The Janus decision immediately makes null the fair-share provisions by overturning a 1977 case, Abood v. Detroit Board of Education. In that case, public school teachers in Detroit who opposed public sector collective bargaining argued that they should not have to pay fees to the union. The Abood decision prohibited public sector unions from using union fair-share fees for political causes like lobbying, but found that unions could use those fees to cover the cost of collective bargaining, which produced economic gains for union members. Without fair-share fees, economists argued, then and now, union members have an incentive to become “free-riders,” benefiting from collective bargaining without paying for it.

By way of background, until the mid-twentieth (20th) century, the vast majority of public sector employees had no collective bargaining rights or even employment rights.  By the mid-1960s the nationwide trend was to grant public employees similar rights of self-organization and to collectively bargain as private sector employees have under the National Labor Relations Act.  In California, this trend resulted in passage of numerous public sector labor relations statutes: the Meyers-Milias-Brown Act (governing local/county public employers), the Dills Act (covering State of California employees; also known as the “State Employee and Employer Relations Act”), the Educational Employees Relations Act (covering K-12 and community college employees/teachers/professors), the Higher Educational Employees Relations Act (covering University of California and California State University employees), etc.  However, there are still a handful of states that completely deny collective bargaining and/or self-organizational rights to their public employees:  Janus has no impact on these states.

Conservative writers start arguing – in the mid-2000s – that the mere act of a union sitting across the bargaining table from a public employer was an exercise of “speech” under the First Amendment.  The rationale for this argument was that bargaining was an act of “petitioning” the government under the First Amendment and, therefore, was “speech” which public sector employees could not constitutionally be forced to support.  This strained argument began to receive approval from conservative judges:  In particular, one conservative darling, US Supreme Court Justice Samuel Alito, pushed this legal position hook, line and sinker.  Thus, in Harris v. Quinn (2014), Alito opened the door to killing fair share requirements and signaled that, with the right case – which would become Janus – he would vote to overrule Abood.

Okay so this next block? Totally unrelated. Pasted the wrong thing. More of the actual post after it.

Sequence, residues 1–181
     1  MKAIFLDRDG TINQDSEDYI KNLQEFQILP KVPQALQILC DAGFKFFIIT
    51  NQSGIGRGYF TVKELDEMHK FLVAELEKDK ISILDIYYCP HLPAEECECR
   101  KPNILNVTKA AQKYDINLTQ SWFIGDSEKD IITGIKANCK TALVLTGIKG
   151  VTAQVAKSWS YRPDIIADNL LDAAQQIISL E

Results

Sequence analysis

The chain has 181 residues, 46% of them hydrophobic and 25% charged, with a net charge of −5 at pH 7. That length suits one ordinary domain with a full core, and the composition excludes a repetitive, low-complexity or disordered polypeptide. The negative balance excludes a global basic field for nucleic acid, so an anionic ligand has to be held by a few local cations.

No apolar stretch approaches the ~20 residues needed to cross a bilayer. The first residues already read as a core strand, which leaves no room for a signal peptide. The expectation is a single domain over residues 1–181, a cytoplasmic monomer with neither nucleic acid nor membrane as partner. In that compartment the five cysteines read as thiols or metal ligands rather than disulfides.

Janus originated in California and is actually an attack against all of California’s public sector labor relations statutes which allow for fair share requirements.  Janus expressly overrules Abood and concludes that any such compulsory requirement for public sector employees is unconstitutional and in violation of the First Amendment.

Janus completely stops and renders illegal the payment of a fair share agency fee from a non-member to her/his exclusive bargaining representative in the absence of a written authorization voluntarily signed by the employee which allows for a dues/agency fee deduction.  It also states that it does not render illegal any “contract” between the union and an employee (whether a member or not) which requires that employee to pay, through payroll deductions, a representation fee to the union:  these documents are known as “Dues Deduction and Authorization Cards”. These cards will become very important for all public sector unions!

The effect of Janus is: (1) all public employers across the United States must immediately cease and desist from deducting any agency fee/representation fee from a non-member’s paycheck and (2) the employer may still deduct and forward dues/agency fees to the union only where the employee is signed to a valid and enforceable Dues Deduction and Authorization Card.